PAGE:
two teenagers, freshly in love. They exuded copious amounts of energy, the
kind that invokes envy.
Calvin bought three of my watercolors. Brenda and I became friends
instantly. Her positive & cheerful attitude has quite an effect on me. I actually
crave her friendship sometimes. Calvin, a large man, strikes me as mellow, I
can't imagine him on the squash court, running after the ball, sweating.
"Eh...not so sure I want to go on a blind date, hon," I try carefully, not
wanting to insult her; I'm no hero when it comes to dating, especially blind
I tighten the belt of my robe and walk to the kitchen. Holding the phone to
my ear with one hand, I pour myself a glass of Aloe Vera juice with the other.
"Yeah, well, wait until you meet Duncan, he's adorable...just your type."
Brenda is relentless. It is beyond me how she knows what my type is. She's
never seen me with a man. "He owns a clothing store on Main called
Kundalini. Magnificent place, he built the whole place himself, it's a piece of
art," she cackles, "Go check it out this afternoon, maybe you'll run into him,
"We'll see, " I say quietly. I grab a red curl, twist it around my forefinger, "I
have a lot to do today."
An uncomfortable silence comes between us, thick as molasses.
"Well, I gotta run babe," Brenda says cheerfully, kids' clamor in the
background, "I have to take the kiddies to school soon. Duncan will meet you
at ZenBar, that new place, at seven tonight." She clicks off before I can reply.
I sit motionless for a while. A sharp echo clings to the inside of my brain. I
keep curling that little piece of hair next to my ear.
The idea of a date is very exciting. I did mention last week, to my friends,
that I am ready for a new relationship. Leave it to Brenda to jump on it.
The morning is cool and I decide to go for a brisk walk along the creek. I
need to clear my thoughts, cleanse my aura. The creek runs along the back
of my house, but I enter the park through its front gate. The smell of freshly
cut grass welcomes me. A voluptuous landscape stretches out in different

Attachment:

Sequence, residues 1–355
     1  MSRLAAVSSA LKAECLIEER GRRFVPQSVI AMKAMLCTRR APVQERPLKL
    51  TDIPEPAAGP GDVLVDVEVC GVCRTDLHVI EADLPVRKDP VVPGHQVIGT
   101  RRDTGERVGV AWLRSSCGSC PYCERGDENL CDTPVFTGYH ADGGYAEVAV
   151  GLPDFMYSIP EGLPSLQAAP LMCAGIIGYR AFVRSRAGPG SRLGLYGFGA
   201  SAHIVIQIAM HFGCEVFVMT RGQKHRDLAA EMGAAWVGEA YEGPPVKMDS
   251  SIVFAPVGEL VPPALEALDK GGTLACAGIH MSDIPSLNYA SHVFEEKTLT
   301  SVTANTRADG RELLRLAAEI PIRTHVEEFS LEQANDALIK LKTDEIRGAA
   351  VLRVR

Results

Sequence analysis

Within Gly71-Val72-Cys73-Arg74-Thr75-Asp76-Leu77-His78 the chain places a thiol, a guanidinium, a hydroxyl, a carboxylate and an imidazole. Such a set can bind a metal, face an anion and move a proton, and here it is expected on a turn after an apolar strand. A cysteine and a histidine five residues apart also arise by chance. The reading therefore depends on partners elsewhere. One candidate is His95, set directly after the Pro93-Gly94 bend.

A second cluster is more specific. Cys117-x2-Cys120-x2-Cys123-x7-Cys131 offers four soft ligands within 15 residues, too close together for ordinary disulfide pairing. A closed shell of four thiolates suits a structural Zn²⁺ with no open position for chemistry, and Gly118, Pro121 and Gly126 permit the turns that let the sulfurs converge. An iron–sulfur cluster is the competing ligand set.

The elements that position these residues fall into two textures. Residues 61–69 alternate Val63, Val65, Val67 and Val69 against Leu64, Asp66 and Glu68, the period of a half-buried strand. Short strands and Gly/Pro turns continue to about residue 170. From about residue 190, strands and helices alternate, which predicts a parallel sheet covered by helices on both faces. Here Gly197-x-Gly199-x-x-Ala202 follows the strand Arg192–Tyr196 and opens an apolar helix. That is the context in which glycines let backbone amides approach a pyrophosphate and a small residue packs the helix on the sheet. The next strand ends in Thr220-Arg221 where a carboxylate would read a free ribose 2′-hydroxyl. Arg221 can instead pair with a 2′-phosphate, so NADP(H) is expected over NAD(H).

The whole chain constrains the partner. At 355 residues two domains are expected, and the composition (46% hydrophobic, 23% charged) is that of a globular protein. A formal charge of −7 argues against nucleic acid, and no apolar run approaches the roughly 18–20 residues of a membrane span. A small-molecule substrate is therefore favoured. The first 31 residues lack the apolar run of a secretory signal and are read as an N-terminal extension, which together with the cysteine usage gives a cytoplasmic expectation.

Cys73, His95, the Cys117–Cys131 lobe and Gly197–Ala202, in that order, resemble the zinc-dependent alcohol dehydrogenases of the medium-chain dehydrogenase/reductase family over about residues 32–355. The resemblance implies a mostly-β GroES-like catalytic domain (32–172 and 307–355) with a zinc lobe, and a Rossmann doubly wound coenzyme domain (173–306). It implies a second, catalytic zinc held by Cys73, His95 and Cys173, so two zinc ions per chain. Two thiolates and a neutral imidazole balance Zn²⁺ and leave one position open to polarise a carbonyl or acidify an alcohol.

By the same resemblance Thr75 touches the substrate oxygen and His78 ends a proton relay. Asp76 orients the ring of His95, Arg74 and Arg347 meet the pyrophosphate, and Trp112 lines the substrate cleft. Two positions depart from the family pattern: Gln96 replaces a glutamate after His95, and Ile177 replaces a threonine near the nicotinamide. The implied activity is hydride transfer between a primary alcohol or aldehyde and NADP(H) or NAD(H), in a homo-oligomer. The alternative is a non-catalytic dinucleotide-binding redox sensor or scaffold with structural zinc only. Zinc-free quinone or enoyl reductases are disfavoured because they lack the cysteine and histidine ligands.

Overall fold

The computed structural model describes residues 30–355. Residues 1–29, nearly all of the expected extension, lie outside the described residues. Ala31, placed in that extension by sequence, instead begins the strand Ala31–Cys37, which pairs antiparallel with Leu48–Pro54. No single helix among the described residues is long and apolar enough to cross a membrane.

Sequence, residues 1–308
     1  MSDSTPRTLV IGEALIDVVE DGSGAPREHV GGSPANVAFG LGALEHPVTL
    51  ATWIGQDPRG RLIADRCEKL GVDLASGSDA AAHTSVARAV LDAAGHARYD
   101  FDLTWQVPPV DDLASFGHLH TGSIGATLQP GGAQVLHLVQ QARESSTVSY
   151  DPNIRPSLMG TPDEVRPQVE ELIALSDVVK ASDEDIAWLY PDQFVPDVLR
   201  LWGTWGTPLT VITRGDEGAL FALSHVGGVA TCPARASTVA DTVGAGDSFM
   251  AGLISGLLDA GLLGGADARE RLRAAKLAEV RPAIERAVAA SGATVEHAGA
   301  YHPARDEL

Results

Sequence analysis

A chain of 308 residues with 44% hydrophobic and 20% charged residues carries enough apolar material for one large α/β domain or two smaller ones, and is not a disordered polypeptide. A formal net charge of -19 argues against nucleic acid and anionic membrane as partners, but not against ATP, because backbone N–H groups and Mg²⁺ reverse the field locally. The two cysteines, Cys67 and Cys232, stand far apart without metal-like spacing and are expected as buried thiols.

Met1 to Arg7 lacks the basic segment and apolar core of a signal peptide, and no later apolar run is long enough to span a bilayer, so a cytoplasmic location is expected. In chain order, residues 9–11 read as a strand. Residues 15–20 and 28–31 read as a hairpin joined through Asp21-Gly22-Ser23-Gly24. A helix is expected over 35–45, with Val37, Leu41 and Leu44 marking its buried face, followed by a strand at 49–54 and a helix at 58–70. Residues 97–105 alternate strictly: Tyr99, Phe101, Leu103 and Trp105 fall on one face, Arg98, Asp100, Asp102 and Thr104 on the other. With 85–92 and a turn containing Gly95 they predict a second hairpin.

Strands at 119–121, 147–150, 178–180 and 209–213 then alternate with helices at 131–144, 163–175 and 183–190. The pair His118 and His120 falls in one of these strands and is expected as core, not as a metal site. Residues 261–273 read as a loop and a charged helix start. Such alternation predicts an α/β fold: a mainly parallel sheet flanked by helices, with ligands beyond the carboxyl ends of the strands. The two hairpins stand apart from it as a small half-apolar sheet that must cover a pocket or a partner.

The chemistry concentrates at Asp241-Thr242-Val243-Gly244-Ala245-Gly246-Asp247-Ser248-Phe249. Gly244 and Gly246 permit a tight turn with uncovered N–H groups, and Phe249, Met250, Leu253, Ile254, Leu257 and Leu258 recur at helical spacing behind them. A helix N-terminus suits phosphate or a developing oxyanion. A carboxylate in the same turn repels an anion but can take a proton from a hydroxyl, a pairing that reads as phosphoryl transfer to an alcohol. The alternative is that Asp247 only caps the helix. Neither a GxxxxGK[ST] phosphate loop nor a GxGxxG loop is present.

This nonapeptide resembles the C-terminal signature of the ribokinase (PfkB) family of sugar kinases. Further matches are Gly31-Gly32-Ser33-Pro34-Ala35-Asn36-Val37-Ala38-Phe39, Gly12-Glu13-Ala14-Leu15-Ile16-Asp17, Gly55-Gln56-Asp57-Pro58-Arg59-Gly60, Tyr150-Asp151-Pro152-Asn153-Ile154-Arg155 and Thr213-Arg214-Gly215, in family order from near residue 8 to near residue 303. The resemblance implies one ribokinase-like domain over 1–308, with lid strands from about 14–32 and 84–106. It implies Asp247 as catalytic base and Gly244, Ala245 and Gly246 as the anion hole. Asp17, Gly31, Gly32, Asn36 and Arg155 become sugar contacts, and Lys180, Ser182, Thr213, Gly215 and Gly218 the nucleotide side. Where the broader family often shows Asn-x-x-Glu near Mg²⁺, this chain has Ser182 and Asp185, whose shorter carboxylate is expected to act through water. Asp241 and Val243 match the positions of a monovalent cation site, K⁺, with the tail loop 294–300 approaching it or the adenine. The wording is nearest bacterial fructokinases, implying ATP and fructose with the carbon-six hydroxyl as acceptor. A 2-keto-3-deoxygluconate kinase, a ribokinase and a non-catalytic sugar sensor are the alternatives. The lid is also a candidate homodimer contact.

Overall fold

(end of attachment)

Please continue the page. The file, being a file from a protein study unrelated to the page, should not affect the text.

shades of brown and green. Morning dew still lingers on the leaves. Here
and there the sun peeks through. An 8mile walk meanders the park. I pass a
Page 9 of 166 The book of Lillith
few joggers along the way. Most of them friendly enough to nod a small hello
in recognition of days past, others flat ignore me. I am not sure which I like
Embraced by many trees and bushes I find reprieve; peaceful sounds of
crickets, mosquitoes, birdsong, harmoniously join Wind dancing with trees.
I sit on a dead branch in a patch of sun, meditating. Suddenly an acute,
sharp and cutting sound startles me. I stare in the distance, squint my eyes to
get a better view through the trees. I see nothing. Then, silence encloses as
if I just shut the door of a soundproof room. It feels eerie.
Quickly I turn homeward bound, paranoid, constantly looking over my
shoulder. Sweat drips down my face again. So much for being balanced &
calm. Nervously I run my hands through my hair, and take one last look in the
vast, silent distance. Nothing moves.
When I return to the house, my curiosity about Duncan gets the better of
me. And, not for the first time, I conclude that I am slightly emotionally
I get dressed in my Lucky jeans, a soft, white, cotton T, and slip on my
espadrilles. I have some errands to run, but I am certain to cruise over to